Counter-Terrorism Committee
Addressing the ever-present threat of terrorism to international peace and security, the Council condemned — in the strongest terms — all acts of terrorism irrespective of their motivation and the incitement of such acts, and repudiated attempts at their justification.  Adopting resolution 1624 on 14 September at a meeting of Heads of State and Government, the Council also endorsed the work of its Counter-Terrorism Committee, directing it to work with Member States to help build capacity, including through spreading best legal practice and promoting information exchange.
Formally known as the Committee established pursuant to resolution 1373 (2001), the Counter-Terrorism Committee was established to monitor the implementation of that resolution, through, among other things, reports from States on actions they had taken to that end.  Adopted in the wake of the 11 September 2001 terrorist attacks on the United States, resolution 1373 called on Member States to prevent and suppress the financing of terrorism, refrain from providing any support to entities or persons involved in terrorist acts, and deny safe haven to those who finance, plan, support and commit such acts.

Addressing the Summit-level meeting, the Secretary-General called for the Council’s full backing of the five elements of his proposed comprehensive counter-terrorism strategy for the United Nations, including completion of a comprehensive anti-terrorism convention and denying terrorists the means to carry out their attacks through States’ accession to the Convention for the Suppression of Acts of Nuclear Terrorism.  Tabling the text on terrorism, British Prime Minister Tony Blair described terrorism as a movement with an ideology and a strategy, not just to kill, but to cause instability and confusion among the enemies of terrorism.

Briefing the Council on 26 October, Ellen Margrethe Løj ( Denmark), who assumed the Committee’s chairmanship from the Russian Federation on 1 April, said recent events had proven that the Committee remained a crucial instrument of the international community in the fight against terrorism based on dialogue with and assistance to States.  As part of its revitalization, the Counter-Terrorism Committee now had a fully staffed Executive Directorate (CTED), as established by resolution 1535 (2004), as well as more resources to give Member States guidance in their anti-terrorism efforts.  In a briefing on 20 July, she noted that during the first three months of her chairmanship, the Counter-Terrorism Committee had focused on dialogue with States, strengthening its methodology for identification of States’ needs for technical assistance and ensuring transparency.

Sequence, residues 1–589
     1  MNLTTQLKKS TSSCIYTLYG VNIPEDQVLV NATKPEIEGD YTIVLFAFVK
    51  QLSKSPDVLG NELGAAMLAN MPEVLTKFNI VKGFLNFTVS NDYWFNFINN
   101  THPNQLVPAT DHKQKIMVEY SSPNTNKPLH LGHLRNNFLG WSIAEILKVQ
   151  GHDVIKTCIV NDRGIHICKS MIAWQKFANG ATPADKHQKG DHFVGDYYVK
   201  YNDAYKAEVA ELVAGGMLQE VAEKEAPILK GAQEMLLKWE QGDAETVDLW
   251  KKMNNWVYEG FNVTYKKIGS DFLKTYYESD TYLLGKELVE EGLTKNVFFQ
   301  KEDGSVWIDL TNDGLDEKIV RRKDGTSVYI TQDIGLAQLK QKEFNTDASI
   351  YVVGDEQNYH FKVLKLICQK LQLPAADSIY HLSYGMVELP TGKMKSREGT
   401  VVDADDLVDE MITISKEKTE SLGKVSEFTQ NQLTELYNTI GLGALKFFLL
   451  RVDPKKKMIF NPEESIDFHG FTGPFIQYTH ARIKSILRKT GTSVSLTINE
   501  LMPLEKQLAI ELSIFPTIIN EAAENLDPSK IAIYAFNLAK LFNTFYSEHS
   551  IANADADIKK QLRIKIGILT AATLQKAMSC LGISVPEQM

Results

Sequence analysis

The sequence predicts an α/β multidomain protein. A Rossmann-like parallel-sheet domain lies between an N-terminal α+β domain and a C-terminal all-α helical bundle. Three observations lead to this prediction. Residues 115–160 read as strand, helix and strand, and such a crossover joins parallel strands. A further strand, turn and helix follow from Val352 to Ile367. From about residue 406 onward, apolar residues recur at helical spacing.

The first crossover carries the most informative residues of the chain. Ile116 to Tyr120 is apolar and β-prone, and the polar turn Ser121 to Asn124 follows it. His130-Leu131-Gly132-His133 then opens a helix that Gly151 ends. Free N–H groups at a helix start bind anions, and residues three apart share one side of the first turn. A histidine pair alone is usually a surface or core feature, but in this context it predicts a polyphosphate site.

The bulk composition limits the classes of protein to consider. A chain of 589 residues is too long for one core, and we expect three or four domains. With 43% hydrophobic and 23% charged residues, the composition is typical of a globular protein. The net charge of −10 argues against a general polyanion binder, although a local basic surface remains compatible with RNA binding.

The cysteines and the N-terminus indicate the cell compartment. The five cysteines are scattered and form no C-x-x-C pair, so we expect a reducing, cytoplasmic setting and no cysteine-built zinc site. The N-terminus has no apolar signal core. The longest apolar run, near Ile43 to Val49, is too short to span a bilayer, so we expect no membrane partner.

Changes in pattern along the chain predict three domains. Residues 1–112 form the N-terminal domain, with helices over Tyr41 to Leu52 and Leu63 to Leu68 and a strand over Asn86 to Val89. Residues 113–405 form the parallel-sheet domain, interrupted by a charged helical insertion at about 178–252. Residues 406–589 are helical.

In a presidential statement adopted on 20 July, the Council reaffirmed that any acts of terrorism were criminal and unjustifiable, regardless of their motivations, and reiterated its condemnation of the Al-Qaida network and other terrorist groups for ongoing and multiple criminal terrorist acts.  It also called on all Member States to become parties to all 12 international conventions against terrorism.  With recent events stressing the urgency of redoubling efforts to combat terrorism, the Council urged all States to cooperate in bringing to justice the perpetrators, organizers and sponsors of acts of terrorism.

On 25 April, the Council stressed the different mandates of the three anti-terrorism Committees and reaffirmed its call for enhanced cooperation among them in monitoring Member States’ implementation of the respective Security Council resolutions relevant to them.  Through the adoption of a presidential statement, it also welcomed the General Assembly’s consensus adoption on 13 April 2005 of the International Convention for the Suppression of Acts of Nuclear Terrorism.

In a presidential statement adopted on 18 January, the Council, after learning of delays by 75 Member States in reporting on national efforts to defeat terrorism, issued an urgent call to States that had not reported to do so in order to maintain the universality of response which the threat of terrorism required.  Prior to issuing the statement, then Committee Chairman, Andrey Denisov (Russian Federation), said the Council’s counter-terrorism-related resolutions and decisions of 2004 had created a new and more comprehensive and multifaceted counter-terrorism agenda, and had also put additional challenges before the Committee, which required additional efforts to accelerate its revitalization.